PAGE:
While creating gives an individual the experience of joy, as well as of being heard and having an impact on the world (even a small one), making alone is not enough. David goes on to discuss happiness and social capital and the importance of human connectedness, making the argument that shared creative projects contribute to human happiness. More importantly, shared creative projects create a “disorganized (or, rather, lightly self-organized) cloud of creative links which can bind people together” (p.224), creating common goals that build social capital and lead, ultimately, to a better connected world.

He argues that the kind of people who engage in such everyday creative projects present a challenge to business as they reject the role of consumer in favour of being producers. They “want to make their own stuff” (p.224). He proposes future scenarios of a world where the value of everyday creativity has been realised. For example he suggests an education system that focuses on learning through creative making which encourages exploration, investigation and experiment within a social space. He goes on to suggest that such an education system would produce a populace inclined to take the initiative to find creative solutions to social and political problems on the local scale, with others. It’s an enticing vision.

The book was published in 2011, so it took me a while to find it, but I think it will be interesting to see how these ideas gain traction. It is difficult to assess whether people are getting more interested in creative pursuits, particularly when the measures are crude. For example one can find media reports of increased economic activity in the “creative industries” in the UK, but this definition of creative industry is a narrow one. More promising are reports of increasing sales of craft materials in the US and online. I am creating Better because I really believe that the world will be a better place if people spend time making things together and I want to make that possible. David’s book has added more substance to my belief.

 

 

 

Unexpected beauty

I’ve been thinking a lot about beauty recently. Being on holiday in the Swiss mountains probably helped.

Beauty adds so much to life – a sense of awe, joy, inspiration. When I get the chance to immerse myself in beautiful surroundings it feels like breathing some refreshing and nourishing air. Beauty feeds some deep hunger; it makes me feel alive.

On a walk in Arosa, I found this old bathtub standing outside a restaurant high up in the mountains. It was filled with water and probably there for the cows to enjoy. I thought it made an interesting, shapely foreground for this picture of the distant mountains and the lush green of late summer.

But as I took the picture, I bent down in front of the tub and was amazed to see that it was covered in an ornate pattern. The whole tub was a work of art.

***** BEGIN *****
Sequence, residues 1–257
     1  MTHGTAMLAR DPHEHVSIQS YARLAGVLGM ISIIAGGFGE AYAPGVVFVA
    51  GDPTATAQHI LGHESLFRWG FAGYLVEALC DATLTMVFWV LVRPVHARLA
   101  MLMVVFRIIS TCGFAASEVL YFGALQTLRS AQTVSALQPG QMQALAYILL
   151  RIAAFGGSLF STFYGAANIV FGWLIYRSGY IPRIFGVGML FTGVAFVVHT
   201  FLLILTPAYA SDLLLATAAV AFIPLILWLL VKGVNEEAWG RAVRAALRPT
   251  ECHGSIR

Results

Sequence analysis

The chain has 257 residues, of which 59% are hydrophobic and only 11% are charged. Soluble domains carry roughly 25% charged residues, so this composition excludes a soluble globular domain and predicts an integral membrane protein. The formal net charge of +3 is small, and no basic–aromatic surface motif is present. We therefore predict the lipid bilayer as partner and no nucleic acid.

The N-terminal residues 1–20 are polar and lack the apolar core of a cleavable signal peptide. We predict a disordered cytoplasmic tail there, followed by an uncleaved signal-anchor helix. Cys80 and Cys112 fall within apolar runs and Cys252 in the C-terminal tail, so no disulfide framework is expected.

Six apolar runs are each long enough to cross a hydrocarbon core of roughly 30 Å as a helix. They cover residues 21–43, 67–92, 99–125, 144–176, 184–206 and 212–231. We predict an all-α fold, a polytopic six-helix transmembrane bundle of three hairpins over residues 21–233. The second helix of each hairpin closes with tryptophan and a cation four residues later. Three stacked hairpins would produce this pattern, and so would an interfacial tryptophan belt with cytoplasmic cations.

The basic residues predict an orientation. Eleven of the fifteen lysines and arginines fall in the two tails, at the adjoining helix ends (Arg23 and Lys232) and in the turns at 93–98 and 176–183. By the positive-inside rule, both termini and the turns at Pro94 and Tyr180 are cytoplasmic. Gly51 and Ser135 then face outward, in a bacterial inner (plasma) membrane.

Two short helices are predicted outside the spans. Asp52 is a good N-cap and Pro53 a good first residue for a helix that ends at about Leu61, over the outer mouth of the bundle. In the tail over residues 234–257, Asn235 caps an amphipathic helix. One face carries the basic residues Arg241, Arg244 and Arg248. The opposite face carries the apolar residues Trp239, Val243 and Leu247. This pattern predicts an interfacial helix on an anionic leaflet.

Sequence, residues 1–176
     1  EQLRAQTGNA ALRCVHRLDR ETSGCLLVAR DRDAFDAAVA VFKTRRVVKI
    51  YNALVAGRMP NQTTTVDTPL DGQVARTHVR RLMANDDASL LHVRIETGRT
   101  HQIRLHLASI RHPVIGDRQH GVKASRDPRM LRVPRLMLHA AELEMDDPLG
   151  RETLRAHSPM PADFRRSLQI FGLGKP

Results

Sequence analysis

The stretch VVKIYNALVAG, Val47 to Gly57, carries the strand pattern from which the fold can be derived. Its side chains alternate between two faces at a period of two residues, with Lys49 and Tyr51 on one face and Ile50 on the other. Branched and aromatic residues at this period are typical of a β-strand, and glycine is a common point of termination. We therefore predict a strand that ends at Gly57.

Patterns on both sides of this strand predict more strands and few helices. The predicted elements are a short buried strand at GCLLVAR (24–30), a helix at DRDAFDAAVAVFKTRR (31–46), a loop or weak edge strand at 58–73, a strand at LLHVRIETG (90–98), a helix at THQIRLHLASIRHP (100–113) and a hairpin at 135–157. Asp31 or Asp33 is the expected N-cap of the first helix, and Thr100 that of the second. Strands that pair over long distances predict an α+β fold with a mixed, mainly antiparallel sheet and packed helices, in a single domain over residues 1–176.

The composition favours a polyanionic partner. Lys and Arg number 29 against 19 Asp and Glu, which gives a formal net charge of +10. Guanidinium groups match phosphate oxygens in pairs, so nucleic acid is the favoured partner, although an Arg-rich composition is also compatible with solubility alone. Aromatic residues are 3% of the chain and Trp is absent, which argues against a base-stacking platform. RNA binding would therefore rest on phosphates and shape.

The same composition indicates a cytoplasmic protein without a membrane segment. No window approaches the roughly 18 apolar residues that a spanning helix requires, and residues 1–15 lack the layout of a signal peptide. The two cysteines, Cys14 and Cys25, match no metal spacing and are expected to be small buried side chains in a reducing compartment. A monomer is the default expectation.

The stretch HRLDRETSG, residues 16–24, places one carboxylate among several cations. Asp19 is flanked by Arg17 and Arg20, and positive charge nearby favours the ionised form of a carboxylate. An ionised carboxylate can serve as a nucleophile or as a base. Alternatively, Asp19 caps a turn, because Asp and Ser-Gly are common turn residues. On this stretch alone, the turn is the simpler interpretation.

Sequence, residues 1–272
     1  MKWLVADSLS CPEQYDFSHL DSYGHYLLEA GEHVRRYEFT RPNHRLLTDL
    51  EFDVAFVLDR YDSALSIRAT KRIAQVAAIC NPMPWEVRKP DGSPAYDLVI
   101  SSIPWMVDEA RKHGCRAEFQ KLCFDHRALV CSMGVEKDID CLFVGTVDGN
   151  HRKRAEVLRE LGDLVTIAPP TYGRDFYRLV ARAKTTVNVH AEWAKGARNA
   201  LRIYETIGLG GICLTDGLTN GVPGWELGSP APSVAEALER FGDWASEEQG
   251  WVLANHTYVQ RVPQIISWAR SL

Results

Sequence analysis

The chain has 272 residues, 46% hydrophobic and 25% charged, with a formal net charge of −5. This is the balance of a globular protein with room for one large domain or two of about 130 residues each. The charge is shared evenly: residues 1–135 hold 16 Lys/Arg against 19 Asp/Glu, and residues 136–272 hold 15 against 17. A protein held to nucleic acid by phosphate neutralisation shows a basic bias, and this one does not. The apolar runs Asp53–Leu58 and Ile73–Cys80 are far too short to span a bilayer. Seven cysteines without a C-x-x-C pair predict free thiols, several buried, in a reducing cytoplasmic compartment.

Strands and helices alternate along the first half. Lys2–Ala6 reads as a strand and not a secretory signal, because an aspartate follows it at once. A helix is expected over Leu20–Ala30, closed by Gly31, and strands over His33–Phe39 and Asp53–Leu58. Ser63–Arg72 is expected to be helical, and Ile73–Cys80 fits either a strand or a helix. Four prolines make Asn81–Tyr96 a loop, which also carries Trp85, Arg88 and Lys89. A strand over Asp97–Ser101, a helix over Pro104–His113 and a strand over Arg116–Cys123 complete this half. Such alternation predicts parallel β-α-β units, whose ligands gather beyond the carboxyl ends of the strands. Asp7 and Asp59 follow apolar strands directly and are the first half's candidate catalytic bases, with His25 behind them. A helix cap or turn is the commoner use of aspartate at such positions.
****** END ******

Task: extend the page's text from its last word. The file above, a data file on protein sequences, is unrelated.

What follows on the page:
mountain-bathtub-detail

What an unexpected delight to find this, when I wasn’t looking for it. Beautiful views, sun, abundant grasses, herbs and flowers AND this! My cup was running over, just like the bathtub.

We pay so little attention to beauty; it gets lost in the business or busy-ness of life, or just through lack of attention. I had walked past this bathtub on previous visits without noticing the patterns. It must be possible to look out for beauty, to notice it and to take the time to enjoy it when it appears.

 

Will Braamfontein change IBM?

On Friday (the 26th September) I was excited to be invited to tour IBMs new research facilities in Braamfontein, Johannesburg, part of the Tshimologong Digital Innovation Precinct. IBM has partnered with the University of the Witwatersrand (Wits) and has located its newest research centre here as part of that partnership. The facility had opened the day before.

It is incongruous to see IBM, with its quintessentially corporate ways, in the inner city. The tour provided some insights into how the negotiated settlement between the two cultures is progressing.

The research facility is a lovely, light space. It’s trendy, with a living wall of plants and furniture and fittings contributed by local designers. There are lampshades above the staircase made of corrugated cardboard and a roller door from the original building has been repurposed as art. Natural textures of wood and concrete prevail, with the artful use of steel partitions that look like giant punch cards. Just off the reception area is a space for relaxation with a table tennis table (that is used for lunch and meetings) and foosball, as well as a library designed to look like a “tree of knowledge”.

lights and plants

The living wall and cardboard lampshades. Photo: IBM Research